What is the ‘craziest’ thing you’ve done to “get the shot?”
I climbed on a few boxes, from which I fell on the ground, and earned some bruises on my knee and arms. (image below)!
Who are some of your biggest inspirations? Favourite artists, photographers, etc?
Your series “Freckles” is constantly growing, and is always amazing. Would you mind sharing a tip with us as to how you’ve made the freckles stand out so beautifully in the photographs?
Lately, I have found inspiration in unique beauty that redheads with freckles have. Freckles used to be considered undesirable and unsightly, but today they have reached full splendor in the world of photography. I also think that every person is beautiful in their own way, so I find every person inspirational.
I use a freckle brush that I found on PHLEARN.com, and it made my life much easier. Thanks, Phlearn! In Photoshop, I make the details pop out with the detail extractor, so freckles are much more beautiful.
What is your favourite photo that you’ve ever taken?
My favourite photo is “See Through.” The model is Asima Sefic, my favourite redhead with blue eyes. Her eyes are so beautiful, like two oceans, make you want to drown in them. (photo attached)!
Your self-portraits are as beautifully executed and as astonishing as your portraits. Do you feel it’s important for an artist to experiment with self-portraiture?
I don’t think it’s so important, but it’s a whole other aspect of photography. Facing yourself on camera and in photoshop, it’s the weirdest thing ever!
Like drawing yourself with a piece of charcoal, you can’t ever get it right because you don’t have the right perspective of yourself. But it can be really interesting, when you want to shoot something, and don’t have a model!
What are you currently working on?
I’m working with a lot of agencies abroad, I do photography and retouching for them. I recently applied for a job here in Sarajevo as a Photoshop Retoucher, it’s my dream job!
What do you aspire to do with your photography and art in the future?
I would like to travel some more. I would like to have the opportunity to be a professional photographer and retoucher. Even though it’s pretty hard to achieve in my country, I will put my effort in it, and really try to change it!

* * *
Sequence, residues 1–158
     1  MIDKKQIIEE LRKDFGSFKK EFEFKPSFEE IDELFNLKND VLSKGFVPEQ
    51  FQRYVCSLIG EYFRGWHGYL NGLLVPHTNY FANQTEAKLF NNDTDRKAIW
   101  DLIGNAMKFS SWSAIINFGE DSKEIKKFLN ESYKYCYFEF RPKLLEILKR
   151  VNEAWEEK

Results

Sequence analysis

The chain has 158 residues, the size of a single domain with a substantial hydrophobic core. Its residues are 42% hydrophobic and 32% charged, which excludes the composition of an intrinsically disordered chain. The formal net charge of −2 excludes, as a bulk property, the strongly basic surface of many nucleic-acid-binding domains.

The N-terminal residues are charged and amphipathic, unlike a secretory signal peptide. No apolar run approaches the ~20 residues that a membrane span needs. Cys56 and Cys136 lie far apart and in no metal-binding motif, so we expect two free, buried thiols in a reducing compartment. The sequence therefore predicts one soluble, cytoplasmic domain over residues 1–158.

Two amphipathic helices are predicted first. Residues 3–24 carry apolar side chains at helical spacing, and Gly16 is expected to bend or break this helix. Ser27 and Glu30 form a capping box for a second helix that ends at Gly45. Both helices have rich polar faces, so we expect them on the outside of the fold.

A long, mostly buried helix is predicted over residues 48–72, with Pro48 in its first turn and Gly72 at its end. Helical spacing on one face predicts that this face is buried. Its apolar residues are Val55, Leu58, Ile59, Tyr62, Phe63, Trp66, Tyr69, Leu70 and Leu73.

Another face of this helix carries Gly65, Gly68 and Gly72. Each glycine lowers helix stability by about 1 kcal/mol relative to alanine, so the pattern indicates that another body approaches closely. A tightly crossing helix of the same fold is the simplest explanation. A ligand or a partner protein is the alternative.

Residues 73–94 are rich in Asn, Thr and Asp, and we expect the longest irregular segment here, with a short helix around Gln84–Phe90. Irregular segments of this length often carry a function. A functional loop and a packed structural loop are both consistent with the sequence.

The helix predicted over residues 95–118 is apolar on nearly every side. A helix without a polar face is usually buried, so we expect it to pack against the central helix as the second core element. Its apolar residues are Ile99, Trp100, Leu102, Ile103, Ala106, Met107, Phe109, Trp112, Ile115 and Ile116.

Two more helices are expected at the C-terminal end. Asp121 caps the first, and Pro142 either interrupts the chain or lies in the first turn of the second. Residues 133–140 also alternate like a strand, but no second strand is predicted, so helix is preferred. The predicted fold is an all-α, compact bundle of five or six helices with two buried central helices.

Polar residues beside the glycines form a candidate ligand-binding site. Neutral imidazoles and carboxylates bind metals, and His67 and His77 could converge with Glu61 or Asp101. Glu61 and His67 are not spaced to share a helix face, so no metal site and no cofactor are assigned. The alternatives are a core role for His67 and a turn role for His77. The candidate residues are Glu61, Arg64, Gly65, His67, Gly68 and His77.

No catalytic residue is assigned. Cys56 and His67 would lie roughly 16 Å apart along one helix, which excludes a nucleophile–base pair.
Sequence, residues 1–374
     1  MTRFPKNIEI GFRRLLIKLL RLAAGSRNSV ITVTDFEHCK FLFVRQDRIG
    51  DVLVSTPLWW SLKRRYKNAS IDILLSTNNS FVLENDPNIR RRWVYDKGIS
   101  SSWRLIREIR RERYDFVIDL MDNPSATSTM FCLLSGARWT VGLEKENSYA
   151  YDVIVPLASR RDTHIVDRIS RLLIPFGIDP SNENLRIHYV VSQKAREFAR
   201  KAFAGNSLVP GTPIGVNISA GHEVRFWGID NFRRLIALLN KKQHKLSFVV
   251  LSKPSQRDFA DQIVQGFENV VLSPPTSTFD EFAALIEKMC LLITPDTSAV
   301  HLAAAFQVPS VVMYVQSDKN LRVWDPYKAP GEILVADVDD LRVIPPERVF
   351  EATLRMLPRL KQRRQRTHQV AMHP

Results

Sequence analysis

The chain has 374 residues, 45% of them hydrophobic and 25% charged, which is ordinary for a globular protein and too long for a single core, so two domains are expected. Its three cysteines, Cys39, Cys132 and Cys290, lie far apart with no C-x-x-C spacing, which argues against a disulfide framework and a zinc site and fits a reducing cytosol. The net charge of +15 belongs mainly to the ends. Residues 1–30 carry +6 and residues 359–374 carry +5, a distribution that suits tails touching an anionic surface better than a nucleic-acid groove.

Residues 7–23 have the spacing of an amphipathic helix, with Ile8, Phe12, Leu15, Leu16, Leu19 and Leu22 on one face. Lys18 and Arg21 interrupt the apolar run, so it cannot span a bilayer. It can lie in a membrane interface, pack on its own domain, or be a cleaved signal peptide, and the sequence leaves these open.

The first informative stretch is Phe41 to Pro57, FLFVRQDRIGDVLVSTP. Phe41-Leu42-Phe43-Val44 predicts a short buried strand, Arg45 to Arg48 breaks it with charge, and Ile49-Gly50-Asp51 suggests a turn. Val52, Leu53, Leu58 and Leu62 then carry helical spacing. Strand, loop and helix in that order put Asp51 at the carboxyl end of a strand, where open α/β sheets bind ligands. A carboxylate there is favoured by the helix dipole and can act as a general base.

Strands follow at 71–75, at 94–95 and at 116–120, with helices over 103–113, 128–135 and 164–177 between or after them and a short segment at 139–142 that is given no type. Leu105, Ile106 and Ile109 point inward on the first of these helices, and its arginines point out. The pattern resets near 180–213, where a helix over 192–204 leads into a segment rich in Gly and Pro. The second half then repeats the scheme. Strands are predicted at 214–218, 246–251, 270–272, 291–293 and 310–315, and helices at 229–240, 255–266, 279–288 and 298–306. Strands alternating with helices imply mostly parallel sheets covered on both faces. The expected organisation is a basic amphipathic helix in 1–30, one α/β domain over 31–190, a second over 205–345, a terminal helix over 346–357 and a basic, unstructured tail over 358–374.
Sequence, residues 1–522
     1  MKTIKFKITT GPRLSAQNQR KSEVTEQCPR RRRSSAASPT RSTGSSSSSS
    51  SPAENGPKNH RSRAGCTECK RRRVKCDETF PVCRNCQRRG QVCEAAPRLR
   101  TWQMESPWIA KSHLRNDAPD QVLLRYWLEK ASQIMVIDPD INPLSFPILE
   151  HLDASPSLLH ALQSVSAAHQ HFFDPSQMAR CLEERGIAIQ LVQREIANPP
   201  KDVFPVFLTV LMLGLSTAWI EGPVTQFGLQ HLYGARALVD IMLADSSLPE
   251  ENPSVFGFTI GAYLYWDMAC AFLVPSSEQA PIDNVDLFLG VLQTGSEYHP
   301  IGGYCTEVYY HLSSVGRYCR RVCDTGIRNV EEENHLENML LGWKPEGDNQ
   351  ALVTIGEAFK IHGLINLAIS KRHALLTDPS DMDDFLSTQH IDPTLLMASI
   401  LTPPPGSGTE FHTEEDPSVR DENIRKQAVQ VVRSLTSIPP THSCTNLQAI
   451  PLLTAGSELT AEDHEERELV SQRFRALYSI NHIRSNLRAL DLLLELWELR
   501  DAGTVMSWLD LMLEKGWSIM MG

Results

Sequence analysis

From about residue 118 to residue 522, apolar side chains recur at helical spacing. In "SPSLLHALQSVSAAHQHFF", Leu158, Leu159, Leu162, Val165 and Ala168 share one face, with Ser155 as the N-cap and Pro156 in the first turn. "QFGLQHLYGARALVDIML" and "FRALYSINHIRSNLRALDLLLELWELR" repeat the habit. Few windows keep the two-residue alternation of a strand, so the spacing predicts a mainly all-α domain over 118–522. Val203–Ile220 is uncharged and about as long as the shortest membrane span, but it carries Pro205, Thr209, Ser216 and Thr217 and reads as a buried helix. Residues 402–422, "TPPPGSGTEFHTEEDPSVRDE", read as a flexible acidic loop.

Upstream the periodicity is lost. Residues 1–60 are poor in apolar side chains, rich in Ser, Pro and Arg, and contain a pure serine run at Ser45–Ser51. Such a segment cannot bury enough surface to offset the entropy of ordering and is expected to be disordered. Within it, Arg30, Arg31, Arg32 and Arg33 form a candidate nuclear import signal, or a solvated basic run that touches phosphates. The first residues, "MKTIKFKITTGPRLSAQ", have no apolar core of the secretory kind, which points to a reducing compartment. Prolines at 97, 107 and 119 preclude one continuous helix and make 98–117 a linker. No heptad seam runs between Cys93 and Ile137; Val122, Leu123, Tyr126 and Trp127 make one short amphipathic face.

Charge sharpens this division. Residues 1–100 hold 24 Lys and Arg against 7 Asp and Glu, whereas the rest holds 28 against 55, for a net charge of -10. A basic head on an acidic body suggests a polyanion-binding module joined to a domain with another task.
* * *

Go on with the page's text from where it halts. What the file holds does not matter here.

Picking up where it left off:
Do you have any advice to offer us fellow photographers and artists about photography, art, and/or life?
Follow your heart. And remember the most important thing isn’t having the best cameras, lenses, and gear.. it’s the emotions that count. If you make an artwork which will touch other people’s hearts, then you have succeeded.
Are your images missing something? Here are 15 quick things, from composition, lighting and post-processing tips to connecting with your model, that you can start practicing right now to improve the quality of your work and the efficiency of your shooting.
Leah Frances uses only a few vintage fixed lens cameras to capture quiet, everyday moments of life – familiar scenes that evoke feelings of nostalgia and recall some of the more idyllic perceptions of what American life is, or what it used to be.
While on a photo walk, Stevyn Durham came across this perfect UK-fashion scene and wanted to capture a stylish model to go with it. He tells us how he set about capturing a charmingly candid, high fashion shot on a London street.
In a collection of B&W photos, Matthew Genitempo gets to the core of what it’s like to live in isolation, deep in the woods of the Ozarks. His new book, Jasper, is an intimate look at the sequestered men who live in the wilderness.
Ever noticed those little balls (or shapes) of light that look like they’re dancing lightly across a photo? That’s called bokeh. It’s a beautiful effect, but there’s so much more to it than just the obvious shapes you see. This guide will show you all the amazing things you can do with bokeh in your photography.
A camera and lenses aren’t the only things professional photographers pack with them on a shoot. Where and what you’re shooting dictates what’s needed, but here are 15 essentials you should never leave home without; plus budget and pro options of our favorite gear.
Want to learn how to get started shooting fairy tale-like conceptual photography? We take a peek inside conceptual photographer Anya Anti’s camera bag to see what gear she uses to create her surreal, mystical and beautiful images.
Graphic designer and amateur photographer Davide Reina combines basic equipment with an “educated” eye to create stark and dramatic photographs. Here, he walks us through how he captured this dynamic B&W shot of a simple gas station at night.